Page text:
Nationalists were sometimes willing to overlook the opinion of the local people if it clashed with nationalist symbols. For example, Irish nationalists strongly believe that the whole island of Ireland belongs to the Irish people and that an Irish state should control the entire island. However, the Protestants of the Northern Ireland wanted to remain in the British Empire, a decision Irish Nationalists refused to accept. Even though a majority of Northern Ireland wished to remain in Britain, there was a significant Irish Catholic minority that desired an Irish state. Failure to resolve this dispute lead to decades of ethnic conflict.


When the (muroj de miljaroj) walls that had divided people for thousands of years couldn’t be removed by (nia dilegenta kolegaro) the diligent workers for peace, then they were removed by the (glavo sangon soifanta) bloodthirsty sword. The Balkan Wars lead to the first waves of ethnic cleansing of the 20th century as newly established states burnt the villages of other ethnicities in order to strengthen their claim to territory. The most formal example was the 1923 agreement between Greece and Turkey for a population exchange that affected 2 million people. Muslims had been living in the Balkans for centuries and Greek had been spoken on the Turkish coast for thousands of years, but the time of peaceful cohabitation came to an end. Both governments felt that there would be conflict as long as there was a “foreign” ethnicity on their soil, so deportation was preferred. Greeks were deported from Turkey and Turks from Greece, back to their “homeland”.

All across Europe there was tension and conflict as each ethnic group strived to build a homogenous nation-state for their people alone. Nationalism and Fascism were able to exploit fears and suspicions of other people to argue that only among our own people could we be secure and prosperous. Peaceful co-operation and understanding was weakness and unrealistic, an iron fist was needed to deal with “them”. This reached a nadir with the Second World War and the Holocaust, when millions of people were killed and conquered to boost national pride. The Jews suffered worst of all as they had no homeland of their own and were seen everywhere as intruders in need of expelling. Zamenhof’s three children were all killed in the Holocaust.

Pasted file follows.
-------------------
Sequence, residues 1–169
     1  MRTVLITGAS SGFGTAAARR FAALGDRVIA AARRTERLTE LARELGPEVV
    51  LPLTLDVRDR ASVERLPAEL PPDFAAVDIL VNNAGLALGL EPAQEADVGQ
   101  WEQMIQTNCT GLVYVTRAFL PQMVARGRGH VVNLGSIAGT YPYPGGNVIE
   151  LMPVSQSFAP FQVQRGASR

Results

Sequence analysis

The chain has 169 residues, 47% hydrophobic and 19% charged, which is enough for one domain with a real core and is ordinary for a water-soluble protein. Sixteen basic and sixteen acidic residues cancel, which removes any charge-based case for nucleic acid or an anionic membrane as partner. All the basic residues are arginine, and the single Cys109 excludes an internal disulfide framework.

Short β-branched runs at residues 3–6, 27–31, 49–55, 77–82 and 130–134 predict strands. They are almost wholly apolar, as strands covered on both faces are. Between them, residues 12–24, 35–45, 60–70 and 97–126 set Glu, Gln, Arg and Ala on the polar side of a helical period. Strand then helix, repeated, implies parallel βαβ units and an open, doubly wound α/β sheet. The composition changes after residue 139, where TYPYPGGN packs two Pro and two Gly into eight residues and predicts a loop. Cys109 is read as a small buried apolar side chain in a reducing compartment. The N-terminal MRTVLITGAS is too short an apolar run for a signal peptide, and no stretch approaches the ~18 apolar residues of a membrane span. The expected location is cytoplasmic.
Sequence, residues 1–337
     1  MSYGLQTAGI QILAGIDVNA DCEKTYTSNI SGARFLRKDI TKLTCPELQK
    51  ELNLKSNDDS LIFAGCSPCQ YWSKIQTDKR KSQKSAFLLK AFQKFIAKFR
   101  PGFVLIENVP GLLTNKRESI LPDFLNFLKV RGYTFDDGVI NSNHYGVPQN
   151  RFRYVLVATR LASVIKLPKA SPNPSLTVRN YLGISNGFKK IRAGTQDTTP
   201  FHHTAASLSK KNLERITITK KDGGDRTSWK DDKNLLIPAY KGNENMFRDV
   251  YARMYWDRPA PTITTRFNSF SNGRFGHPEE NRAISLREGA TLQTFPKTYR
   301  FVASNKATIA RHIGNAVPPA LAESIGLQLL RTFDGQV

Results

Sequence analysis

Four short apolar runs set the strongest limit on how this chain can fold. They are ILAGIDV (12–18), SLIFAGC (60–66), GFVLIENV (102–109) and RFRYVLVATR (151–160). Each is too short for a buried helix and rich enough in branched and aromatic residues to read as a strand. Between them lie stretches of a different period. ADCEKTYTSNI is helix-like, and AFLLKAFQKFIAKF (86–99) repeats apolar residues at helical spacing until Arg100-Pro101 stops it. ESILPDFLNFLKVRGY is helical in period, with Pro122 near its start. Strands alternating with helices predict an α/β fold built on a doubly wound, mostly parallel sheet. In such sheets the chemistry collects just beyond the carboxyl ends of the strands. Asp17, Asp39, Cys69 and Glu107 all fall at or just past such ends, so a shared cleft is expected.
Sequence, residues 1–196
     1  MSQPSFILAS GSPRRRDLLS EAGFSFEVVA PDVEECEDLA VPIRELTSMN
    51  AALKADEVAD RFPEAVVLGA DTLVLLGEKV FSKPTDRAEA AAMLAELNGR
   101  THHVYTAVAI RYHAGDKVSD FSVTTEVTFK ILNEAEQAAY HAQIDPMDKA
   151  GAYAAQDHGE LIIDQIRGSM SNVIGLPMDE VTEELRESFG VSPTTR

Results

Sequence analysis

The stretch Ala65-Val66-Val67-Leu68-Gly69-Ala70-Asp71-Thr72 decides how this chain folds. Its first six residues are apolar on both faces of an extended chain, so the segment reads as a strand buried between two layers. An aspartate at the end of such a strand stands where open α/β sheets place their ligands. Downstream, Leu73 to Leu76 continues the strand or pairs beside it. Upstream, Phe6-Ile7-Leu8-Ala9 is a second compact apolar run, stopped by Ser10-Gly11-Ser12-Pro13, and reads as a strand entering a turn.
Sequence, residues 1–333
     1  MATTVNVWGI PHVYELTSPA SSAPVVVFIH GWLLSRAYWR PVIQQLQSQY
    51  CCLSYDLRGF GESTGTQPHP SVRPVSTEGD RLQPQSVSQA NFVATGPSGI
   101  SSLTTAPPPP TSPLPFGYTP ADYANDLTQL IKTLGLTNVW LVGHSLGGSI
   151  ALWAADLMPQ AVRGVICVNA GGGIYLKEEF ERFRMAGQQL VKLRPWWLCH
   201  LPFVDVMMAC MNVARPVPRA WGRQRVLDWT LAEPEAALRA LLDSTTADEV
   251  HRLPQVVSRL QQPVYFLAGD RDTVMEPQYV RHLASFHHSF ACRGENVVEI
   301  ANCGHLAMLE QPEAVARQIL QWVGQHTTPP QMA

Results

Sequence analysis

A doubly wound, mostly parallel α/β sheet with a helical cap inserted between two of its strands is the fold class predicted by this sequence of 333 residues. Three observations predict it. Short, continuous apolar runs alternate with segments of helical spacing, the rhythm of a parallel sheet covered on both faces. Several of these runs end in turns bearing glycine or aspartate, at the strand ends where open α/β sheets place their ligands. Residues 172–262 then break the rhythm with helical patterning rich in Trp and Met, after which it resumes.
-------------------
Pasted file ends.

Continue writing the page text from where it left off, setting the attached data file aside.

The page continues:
After the Second World War, drastic steps were taken to ensure future security and eliminate the risk of further ethnic conflict. To remove any risk of future German nationalism or irredentism, 12 million Germans were deported from Poland, Czechoslovakia, Soviet Union, Hungary, Romania and Yugoslavia. The city of Stettin went from being almost entirely German to being almost entirely Polish (and renamed Szczecin). It was only at this point, after the extermination of Jews in the Holocaust and deportation of Germans, that Eastern European countries became nation-states.

130 years ago, Europe was struggling to find a solution to its problems of ethnic diversity and conflict. Zamenhof proposed that these barriers could be peacefully removed by his international language, Esperanto. Instead, the potential for conflict was removed by ethnic cleansing and deporting tens of millions of people in order to create a homogenous nation-state. It’s hard to argue that this was the best choice.